Abstract

Water resources managers commonly rely on information collected by hydrometric networks without clear knowledge of their efficiency. Optimal water monitoring networks are still scarce especially in the Canadian context. Herein, a dual entropy multi-objective optimization (DEMO) method uses information theory to identify locations where the addition of a hydrometric station would optimally complement the information content of an existing network. This research explores the utility of transinformation (TI) analysis, which can quantitatively measure the contribution of unique information from a hydrometric station. When used in conjunction, these methods provide an objective measure of network efficiency, and allow the user to make recommendations to improve existing hydrometric networks. A technique for identifying and dealing with regulated basins and their related bias on streamflow regionalization is also examined. The Ottawa River Basin, a large Canadian watershed with a number of regulated hydroelectric dams, was selected for the experiment. The TI analysis approach provides preliminary information which is supported by DEMO results. Regionalization was shown to be more accurate when the regulated basin stations were omitted using leave one out cross validation. DEMO analysis was performed with these improvements and successfully identified optimal locations for new hydrometric stations in the Ottawa River Basin.

INTRODUCTION

Hydrometric networks provide important data for water researchers and water resources decision-makers. Recent research (Burn 1997; Mishra & Coulibaly 2009; Coulibaly et al. 2013) has shown that most Canadian watersheds do not have adequate network density as defined by the World Meteorology Organization guidelines (World Meteorological Organization 2008). In addition, water resources engineers are frequently faced with decisions regarding priority locations to construct or maintain hydrometric stations with no standard method of quantitatively measuring the stations' importance.

Information theory has been adopted as an important tool for objective hydrometric network design, for example, in Husain (1989), Alfonso et al. (2013) and Mishra & Coulibaly (2014), Husain (1979) originally applied information theory to the field of hydrometric network design. In a sample British Columbia streamflow network, he used joint entropy and a stepwise optimization to maximize the information content. Another well-known example of information theory-based network design is Yang & Burn (1994); in a network in Manitoba they used directional information transfer to determine which hydrometric stations produced redundant data and could be removed. Alfonso et al. (2010) introduced the use of total correlation as a design metric and included it in a multi-objective optimization. This allowed limitation of the redundant information that the network was collecting. Li et al. (2012) considered joint entropy, transinformation (TI) and total correlation as design objectives and used a weighted single objective optimization method to design a hydrometric network in Texas. This was known as the maximum information minimum redundancy method. Xu et al. (2015) considered both mutual information and accuracy metrics such as Nash–Sutcliffe efficiency (NSE) in a multi-objective optimization process. This method was used to investigate the effects of network size on the data quality. In addition to information theory, tools such as cluster analysis, feature selection, artificial neural networks, probability constraints, Box–Hill discrimination and spatiotemporal variogram models are used in network design today (Xu et al. 2013; Asghari & Nasseri 2014; Shafiei et al. 2014; Wu et al. 2015; Chang et al. 2016; Pham & Tsai 2016).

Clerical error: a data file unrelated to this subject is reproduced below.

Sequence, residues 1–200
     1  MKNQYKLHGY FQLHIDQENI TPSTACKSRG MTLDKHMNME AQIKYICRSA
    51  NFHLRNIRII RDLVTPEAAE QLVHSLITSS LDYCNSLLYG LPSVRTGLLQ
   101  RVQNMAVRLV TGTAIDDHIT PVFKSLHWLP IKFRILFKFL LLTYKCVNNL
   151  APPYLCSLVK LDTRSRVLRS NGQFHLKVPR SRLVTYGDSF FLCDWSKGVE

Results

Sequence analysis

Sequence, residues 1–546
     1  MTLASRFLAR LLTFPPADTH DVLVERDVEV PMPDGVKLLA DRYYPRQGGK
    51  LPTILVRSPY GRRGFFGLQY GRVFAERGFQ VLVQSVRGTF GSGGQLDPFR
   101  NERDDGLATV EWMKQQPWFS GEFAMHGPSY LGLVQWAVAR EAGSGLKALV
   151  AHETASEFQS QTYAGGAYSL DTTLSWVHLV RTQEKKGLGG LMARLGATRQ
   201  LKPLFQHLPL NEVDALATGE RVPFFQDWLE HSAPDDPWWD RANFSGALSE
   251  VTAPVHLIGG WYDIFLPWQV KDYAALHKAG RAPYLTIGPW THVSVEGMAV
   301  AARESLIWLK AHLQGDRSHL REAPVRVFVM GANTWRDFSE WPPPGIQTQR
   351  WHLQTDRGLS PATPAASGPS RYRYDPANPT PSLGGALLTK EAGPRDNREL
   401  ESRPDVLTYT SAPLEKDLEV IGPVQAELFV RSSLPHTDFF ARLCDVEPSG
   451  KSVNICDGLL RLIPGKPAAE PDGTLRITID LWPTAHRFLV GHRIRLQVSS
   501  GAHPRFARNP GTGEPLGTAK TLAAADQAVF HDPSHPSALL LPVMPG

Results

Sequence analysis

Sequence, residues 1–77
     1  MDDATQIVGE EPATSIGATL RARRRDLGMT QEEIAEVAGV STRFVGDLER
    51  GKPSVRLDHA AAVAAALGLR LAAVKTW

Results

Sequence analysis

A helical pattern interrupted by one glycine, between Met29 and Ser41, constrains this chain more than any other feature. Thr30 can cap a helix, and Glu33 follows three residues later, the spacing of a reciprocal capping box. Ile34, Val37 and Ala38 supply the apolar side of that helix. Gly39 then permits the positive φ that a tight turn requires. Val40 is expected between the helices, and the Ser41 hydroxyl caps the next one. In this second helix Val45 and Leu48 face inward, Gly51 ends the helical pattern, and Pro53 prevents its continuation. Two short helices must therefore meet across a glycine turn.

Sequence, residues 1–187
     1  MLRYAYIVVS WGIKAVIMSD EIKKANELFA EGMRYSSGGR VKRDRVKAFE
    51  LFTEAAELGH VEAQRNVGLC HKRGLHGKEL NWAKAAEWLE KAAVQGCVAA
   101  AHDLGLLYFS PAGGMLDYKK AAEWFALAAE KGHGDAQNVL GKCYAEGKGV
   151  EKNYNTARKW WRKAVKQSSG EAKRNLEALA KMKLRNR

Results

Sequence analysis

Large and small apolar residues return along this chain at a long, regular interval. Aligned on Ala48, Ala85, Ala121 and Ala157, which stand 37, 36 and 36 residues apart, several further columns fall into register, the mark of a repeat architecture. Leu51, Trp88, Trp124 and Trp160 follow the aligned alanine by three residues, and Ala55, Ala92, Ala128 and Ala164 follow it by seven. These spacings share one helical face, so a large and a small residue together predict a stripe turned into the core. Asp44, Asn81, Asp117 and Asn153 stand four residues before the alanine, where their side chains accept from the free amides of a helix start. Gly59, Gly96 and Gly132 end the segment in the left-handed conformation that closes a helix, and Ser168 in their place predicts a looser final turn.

Dual entropy multi-objective optimization (DEMO) is a new robust method of identifying locations where the addition of a hydrometric station will optimally complement the information content of the network (Samuel et al. 2013). It uses a powerful epsilon-dominance hierarchical Bayesian optimization algorithm to efficiently find the Pareto front of non-dominated network configurations. This method has been expanded to include two additional objective functions: indicators of hydrologic alteration (IHA) and streamflow signatures in order to explicitly consider the spatial variability of watershed characteristics (Leach et al. 2015). A key step to this method of network design is that the entropy analysis relies on hydrometric time series at all existing and potential station locations in the watershed. In order to generate these time series, the data from existing stations must be regionalized to create synthetic data at potential station locations. The regionalization method can be decided upon by the user, however, the inverse distance weighting drainage area ratio method (IDW-DAR) has proven to be proficient at producing these time series in Ontario (Samuel et al. 2011). Furthermore, recent studies have shown that the IDW-DAR method works well for streamflow regionalization in different Ontario watersheds (Samuel et al. 2013; Leach et al. 2015).